U.S. Treasury debt yields rose on Friday after data showed the world's largest economy grew at a faster rate than expected in the third quarter, suggesting the U.S. Federal Reserve was on track to raise interest rates at its December meeting.
Reassuring results from some of Europe's biggest banks gave the region's beaten-down financials a boost on Thursday and helped offset weakness in industrial and tech stocks, while higher bond yields continued to underpin the dollar.
New orders for U.S. manufactured capital goods unexpectedly fell in September amid weak demand for computers and electronic products, which could temper expectations for an acceleration in business spending in the fourth quarter.
The dollar hit its highest level in nearly eight months against the euro and a roughly three-month high against the yen on Tuesday on growing expectations that the Federal Reserve would raise interest rates in December, while the offshore yuan hit a record low.
Looking at the Euro/U.S. Dollar currency pair we see price trapped in a big consolidation pattern, a triangle that seems to be over as of recent bearish price movement. It's a five-wave correction, a continuation pattern that can after its completion push price lower into a strong decline.
Global stocks were resilient last week Friday with major arenas clawing back gains following the upbeat corporate earnings and stabilising oil prices which revived risk appetite. Asian shares floated into gains on Monday as the improving Japanese trade data propelled the Nikkei +0.29% higher. European markets have already commenced this week on a solid footing by borrowing Asia’s bullish momentum and this could influence Wall Street later today.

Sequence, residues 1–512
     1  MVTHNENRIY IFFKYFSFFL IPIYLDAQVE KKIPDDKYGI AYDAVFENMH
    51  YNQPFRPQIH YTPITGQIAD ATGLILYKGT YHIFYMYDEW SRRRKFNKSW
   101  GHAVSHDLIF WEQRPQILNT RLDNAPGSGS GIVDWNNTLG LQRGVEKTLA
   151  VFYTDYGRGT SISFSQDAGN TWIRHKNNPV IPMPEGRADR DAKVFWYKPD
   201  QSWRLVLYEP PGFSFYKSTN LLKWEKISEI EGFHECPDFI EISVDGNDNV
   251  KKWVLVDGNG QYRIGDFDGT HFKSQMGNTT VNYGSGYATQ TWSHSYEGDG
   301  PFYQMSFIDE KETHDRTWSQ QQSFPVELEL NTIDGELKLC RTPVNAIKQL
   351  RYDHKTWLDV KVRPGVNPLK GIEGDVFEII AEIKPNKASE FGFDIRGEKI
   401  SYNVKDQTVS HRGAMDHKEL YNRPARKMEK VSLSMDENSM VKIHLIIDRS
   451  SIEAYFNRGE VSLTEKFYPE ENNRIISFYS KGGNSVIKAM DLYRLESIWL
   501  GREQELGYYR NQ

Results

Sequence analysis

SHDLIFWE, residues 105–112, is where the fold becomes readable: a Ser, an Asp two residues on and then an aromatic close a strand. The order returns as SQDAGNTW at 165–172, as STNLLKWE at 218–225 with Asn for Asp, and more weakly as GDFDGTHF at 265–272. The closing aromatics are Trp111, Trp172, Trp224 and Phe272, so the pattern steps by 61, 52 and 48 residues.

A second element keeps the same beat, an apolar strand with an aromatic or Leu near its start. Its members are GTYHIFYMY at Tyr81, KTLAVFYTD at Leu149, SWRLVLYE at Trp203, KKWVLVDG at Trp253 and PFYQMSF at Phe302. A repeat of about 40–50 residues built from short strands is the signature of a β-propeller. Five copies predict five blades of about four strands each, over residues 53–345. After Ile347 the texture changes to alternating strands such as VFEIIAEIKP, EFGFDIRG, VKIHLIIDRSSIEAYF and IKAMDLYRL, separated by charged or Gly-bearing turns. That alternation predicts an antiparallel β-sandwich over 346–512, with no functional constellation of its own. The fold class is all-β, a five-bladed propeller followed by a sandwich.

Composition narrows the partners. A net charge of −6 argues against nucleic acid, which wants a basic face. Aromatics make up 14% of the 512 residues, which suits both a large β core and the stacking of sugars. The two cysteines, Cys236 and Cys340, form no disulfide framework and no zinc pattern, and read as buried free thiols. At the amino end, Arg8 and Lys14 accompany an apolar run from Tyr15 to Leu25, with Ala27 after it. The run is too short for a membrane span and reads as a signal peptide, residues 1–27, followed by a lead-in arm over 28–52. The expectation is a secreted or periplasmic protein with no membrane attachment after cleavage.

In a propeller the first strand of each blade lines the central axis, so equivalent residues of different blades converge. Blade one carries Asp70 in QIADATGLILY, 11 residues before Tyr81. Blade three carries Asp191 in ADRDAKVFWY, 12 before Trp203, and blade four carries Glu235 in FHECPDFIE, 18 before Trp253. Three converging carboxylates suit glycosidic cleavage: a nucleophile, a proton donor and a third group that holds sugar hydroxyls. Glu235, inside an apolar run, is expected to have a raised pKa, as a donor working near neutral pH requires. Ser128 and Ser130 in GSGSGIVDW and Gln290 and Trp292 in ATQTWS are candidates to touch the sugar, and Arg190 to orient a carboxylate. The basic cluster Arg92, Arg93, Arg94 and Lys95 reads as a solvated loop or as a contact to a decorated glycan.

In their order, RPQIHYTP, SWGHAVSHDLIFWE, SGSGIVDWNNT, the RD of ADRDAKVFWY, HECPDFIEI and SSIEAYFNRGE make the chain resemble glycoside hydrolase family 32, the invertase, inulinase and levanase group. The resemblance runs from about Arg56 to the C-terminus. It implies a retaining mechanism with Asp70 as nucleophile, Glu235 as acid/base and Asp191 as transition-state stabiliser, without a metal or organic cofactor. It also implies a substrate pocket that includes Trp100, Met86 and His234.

It has been a very good week for the U.S. dollar and a really bad one for the euro and Canadian dollar, among others. The rally has lifted the Dollar Index to its highest level since early February and possibly on course to 100.
Stock markets were erratic on Thursday with most major arenas violently swinging between losses and gains as the messy combination of depressed oil prices, a resurgent U.S. Dollar and rising European Central Bank stimulus hopes kept investors on edge.
The U.S. dollar advanced against most majors with the Canadian and Australian dollars the outliers as commodity prices continue to rally after the OPEC production cut deal was announced. Chinese data is once again in the spotlight with the release of its real gross domestic product (GDP) and industrial production on Tuesday, Oct. 18 at 10:00 pm EDT.